31. Burotto M, Chiou VL, Lee JM, Kohn EC. The MAPK pathway across different malignancies: a new perspective. Cancer. 2014; 120:3446–3456.
32. Garajova I, Giovannetti E, Biasco G, Peters GJ. c-Met as a Target for Personalized Therapy. Transl Oncogenomics. 2015; 7:13–31.
33. Grossi V, Lucarelli G, Forte G, Peserico A, Matrone A, Germani A, Rutigliano M, Stella A, Bagnulo R, Loconte D, Galleggiante V, Sanguedolce F, Cagiano S, et al. Loss of STK11 expression is an early event in prostate carcinogenesis and predicts therapeutic response to targeted therapy against MAPK/p38. Autophagy. 2015; 11:2102–2113.
34. Mahadevan D, Spier C, Della Croce K, Miller S, George B, Riley C, Warner S, Grogan TM, Miller TP. Transcript profiling in peripheral T-cell lymphoma, not otherwise specified, and diffuse large B-cell lymphoma identifies distinct tumor profile signatures. Mol Cancer Ther. 2005; 4:1867–1879.
35. Accornero P, Lattanzio G, Mangano T, Chiarle R, Taulli R, Bersani F, Forni PE, Miretti S, Scuoppo C, Dastru W, Christensen JG, Crepaldi T, Ponzetto C. An in vivo model of Met-driven lymphoma as a tool to explore the therapeutic potential of Met inhibitors. Clin Cancer Res. 2008; 14:2220–2226.
36. Lam BQ, Dai L, Qin Z. The role of HGF/c-MET signaling pathway in lymphoma. J Hematol Oncol. 2016; 9:135.
37. Shigemura T, Kaneko N, Kobayashi N, Kobayashi K, Takeuchi Y, Nakano N, Masumoto J, Agematsu K. Novel heterozygous C243Y A20/TNFAIP3 gene mutation is responsible for chronic inflammation in autosomal-dominant Behcet’s disease. RMD Open. 2016; 2:e000223.
38. Schmitz R, Hansmann ML, Bohle V, Martin-Subero JI, Hartmann S, Mechtersheimer G, Klapper W, Vater I, Giefing M, Gesk S, Stanelle J, Siebert R, Kuppers R. TNFAIP3 (A20) is a tumor suppressor gene in Hodgkin lymphoma and primary mediastinal B cell lymphoma. J Exp Med. 2009; 206:981–989.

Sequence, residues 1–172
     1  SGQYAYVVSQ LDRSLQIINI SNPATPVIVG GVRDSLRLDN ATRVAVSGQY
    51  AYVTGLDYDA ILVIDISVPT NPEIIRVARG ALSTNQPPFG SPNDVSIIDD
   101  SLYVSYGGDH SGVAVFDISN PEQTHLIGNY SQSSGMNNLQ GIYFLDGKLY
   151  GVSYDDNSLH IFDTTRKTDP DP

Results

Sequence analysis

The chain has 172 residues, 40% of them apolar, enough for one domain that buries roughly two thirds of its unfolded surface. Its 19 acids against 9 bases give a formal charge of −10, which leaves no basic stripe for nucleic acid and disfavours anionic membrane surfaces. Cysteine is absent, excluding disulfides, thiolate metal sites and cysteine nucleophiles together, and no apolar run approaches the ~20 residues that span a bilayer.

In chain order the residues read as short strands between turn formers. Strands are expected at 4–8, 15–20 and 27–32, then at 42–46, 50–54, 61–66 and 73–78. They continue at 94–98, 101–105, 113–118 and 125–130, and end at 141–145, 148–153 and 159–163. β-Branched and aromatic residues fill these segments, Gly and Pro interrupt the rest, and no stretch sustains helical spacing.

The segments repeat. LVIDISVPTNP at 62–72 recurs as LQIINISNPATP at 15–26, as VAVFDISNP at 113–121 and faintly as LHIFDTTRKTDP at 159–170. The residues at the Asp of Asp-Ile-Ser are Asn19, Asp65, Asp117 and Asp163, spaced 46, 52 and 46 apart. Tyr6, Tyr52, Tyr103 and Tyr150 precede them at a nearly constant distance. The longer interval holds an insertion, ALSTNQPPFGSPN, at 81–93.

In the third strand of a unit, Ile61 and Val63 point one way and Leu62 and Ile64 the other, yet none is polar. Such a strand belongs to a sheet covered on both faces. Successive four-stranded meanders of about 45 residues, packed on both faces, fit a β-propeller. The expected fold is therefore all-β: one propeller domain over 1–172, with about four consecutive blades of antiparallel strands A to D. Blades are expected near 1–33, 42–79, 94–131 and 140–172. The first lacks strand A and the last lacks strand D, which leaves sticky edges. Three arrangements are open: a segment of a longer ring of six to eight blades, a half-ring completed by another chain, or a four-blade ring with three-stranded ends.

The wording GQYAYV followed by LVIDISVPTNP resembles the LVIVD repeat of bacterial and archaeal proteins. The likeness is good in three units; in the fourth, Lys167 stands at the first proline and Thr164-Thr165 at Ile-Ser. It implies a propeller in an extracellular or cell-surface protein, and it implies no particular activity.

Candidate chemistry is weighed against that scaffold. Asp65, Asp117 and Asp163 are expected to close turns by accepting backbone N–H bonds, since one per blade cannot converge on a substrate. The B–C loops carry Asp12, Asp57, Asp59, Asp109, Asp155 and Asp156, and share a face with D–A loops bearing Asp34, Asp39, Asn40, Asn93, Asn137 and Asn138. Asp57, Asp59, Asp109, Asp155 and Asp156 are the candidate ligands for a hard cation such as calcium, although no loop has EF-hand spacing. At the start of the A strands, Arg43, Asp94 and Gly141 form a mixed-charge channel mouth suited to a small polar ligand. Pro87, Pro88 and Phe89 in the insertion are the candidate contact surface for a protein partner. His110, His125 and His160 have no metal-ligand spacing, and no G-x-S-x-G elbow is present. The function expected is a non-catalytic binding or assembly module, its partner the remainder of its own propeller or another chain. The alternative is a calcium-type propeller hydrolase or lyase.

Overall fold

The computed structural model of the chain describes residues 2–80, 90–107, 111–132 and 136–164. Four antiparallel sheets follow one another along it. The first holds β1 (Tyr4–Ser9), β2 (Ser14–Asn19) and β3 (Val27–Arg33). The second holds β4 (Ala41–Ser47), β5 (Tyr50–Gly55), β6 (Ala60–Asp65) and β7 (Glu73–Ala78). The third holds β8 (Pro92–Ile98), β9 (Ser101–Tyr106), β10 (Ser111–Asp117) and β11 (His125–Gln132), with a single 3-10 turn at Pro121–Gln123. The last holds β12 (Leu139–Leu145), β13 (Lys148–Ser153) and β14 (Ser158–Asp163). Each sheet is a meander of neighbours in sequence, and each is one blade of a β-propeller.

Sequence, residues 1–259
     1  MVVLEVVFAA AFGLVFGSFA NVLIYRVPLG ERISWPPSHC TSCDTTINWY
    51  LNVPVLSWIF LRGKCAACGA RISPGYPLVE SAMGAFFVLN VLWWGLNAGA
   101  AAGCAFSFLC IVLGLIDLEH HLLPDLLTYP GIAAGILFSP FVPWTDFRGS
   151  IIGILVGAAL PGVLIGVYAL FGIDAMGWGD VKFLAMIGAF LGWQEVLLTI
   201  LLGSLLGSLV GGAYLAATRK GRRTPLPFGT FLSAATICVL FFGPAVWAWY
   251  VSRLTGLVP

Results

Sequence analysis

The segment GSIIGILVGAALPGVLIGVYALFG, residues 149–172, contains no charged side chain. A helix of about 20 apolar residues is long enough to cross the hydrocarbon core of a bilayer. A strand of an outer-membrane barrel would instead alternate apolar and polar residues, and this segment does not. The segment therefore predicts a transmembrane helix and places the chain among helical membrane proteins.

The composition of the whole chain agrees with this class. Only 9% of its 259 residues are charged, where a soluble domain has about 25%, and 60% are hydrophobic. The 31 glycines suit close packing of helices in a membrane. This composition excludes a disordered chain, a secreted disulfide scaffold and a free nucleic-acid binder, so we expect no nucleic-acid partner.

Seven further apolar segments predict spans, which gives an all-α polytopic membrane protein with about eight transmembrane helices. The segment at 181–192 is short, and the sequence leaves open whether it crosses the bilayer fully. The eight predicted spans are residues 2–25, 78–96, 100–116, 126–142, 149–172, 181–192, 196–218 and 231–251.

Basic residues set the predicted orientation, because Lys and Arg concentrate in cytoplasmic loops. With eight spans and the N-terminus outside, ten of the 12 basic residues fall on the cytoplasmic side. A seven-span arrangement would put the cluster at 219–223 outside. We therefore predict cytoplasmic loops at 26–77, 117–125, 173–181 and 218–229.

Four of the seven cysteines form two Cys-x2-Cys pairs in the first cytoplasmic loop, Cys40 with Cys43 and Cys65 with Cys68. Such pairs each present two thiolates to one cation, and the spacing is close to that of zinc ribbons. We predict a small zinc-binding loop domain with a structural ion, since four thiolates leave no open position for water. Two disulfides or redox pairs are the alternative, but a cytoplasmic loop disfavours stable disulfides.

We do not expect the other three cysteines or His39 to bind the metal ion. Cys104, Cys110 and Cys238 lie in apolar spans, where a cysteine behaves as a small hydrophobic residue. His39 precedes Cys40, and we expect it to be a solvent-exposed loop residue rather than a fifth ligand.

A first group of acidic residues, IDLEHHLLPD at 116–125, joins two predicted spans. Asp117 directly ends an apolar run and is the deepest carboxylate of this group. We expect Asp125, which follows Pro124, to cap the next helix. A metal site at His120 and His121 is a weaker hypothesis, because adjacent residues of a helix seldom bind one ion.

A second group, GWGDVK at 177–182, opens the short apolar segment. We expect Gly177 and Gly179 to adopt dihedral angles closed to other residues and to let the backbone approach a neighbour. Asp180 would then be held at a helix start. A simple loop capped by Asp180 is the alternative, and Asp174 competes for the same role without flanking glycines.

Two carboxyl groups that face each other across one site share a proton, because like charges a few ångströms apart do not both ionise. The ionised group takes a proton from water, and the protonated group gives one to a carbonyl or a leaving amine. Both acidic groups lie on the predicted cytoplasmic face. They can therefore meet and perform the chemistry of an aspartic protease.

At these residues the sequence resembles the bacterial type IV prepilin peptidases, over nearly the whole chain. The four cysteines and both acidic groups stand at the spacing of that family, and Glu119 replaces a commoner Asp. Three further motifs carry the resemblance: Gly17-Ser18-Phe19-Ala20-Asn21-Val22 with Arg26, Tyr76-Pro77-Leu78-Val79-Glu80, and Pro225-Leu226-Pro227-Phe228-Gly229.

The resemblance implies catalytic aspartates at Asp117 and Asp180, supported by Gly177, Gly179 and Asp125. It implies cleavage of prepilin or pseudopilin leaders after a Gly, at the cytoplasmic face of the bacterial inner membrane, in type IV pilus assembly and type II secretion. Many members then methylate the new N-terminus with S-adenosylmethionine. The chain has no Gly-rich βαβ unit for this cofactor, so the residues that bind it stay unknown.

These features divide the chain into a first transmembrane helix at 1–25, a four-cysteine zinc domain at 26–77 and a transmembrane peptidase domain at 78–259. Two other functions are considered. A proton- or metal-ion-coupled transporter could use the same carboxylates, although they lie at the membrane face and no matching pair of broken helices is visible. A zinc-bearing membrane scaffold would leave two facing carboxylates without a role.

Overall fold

39. Schatz JH, Horwitz SM, Teruya-Feldstein J, Lunning MA, Viale A, Huberman K, Socci ND, Lailler N, Heguy A, Dolgalev I, Migliacci JC, Pirun M, Palomba ML, et al. Targeted mutational profiling of peripheral T-cell lymphoma not otherwise specified highlights new mechanisms in a heterogeneous pathogenesis. Leukemia. 2015; 29:237–241.
40. Ravi D, Beheshti A, Abermil N, Passero F, Sharma J, Coyle M, Kritharis A, Kandela I, Hlatky L, Sitkovsky MV, Mazar A, Gartenhaus RB, Evens AM. Proteasomal Inhibition by Ixazomib Induces CHK1 and MYC-Dependent Cell Death in T-cell and Hodgkin Lymphoma. Cancer Res. 2016; 76:3319–3331.
41. Hinrichs AS, Karolchik D, Baertsch R, Barber GP, Bejerano G, Clawson H, Diekhans M, Furey TS, Harte RA, Hsu F, Hillman-Jackson J, Kuhn RM, Pedersen JS, et al. The UCSC Genome Browser Database: update 2006. Nucleic Acids Res. 2006; 34:D590–598.
42. Ricks-Santi L, McDonald JT, Gold B, Dean M, Thompson N, Abbas M, Wilson B, Kanaan Y, Naab TJ, Dunston G. Next generation sequencing reveals high prevalence of BRCA1 and BRCA2 variants of unknown significance in early-onset breast cancer in African American women. Ethn Dis. 2017; 27:169–178.
All site content, except where otherwise noted, is licensed under a Creative Commons Attribution 3.0 License.